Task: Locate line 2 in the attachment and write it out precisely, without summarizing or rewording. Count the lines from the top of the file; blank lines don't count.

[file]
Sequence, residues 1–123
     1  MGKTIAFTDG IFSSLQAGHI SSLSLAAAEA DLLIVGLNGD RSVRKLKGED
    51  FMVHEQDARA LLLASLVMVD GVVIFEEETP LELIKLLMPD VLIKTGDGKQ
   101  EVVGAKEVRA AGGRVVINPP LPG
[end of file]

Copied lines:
     1  MGKTIAFTDG IFSSLQAGHI SSLSLAAAEA DLLIVGLNGD RSVRKLKGED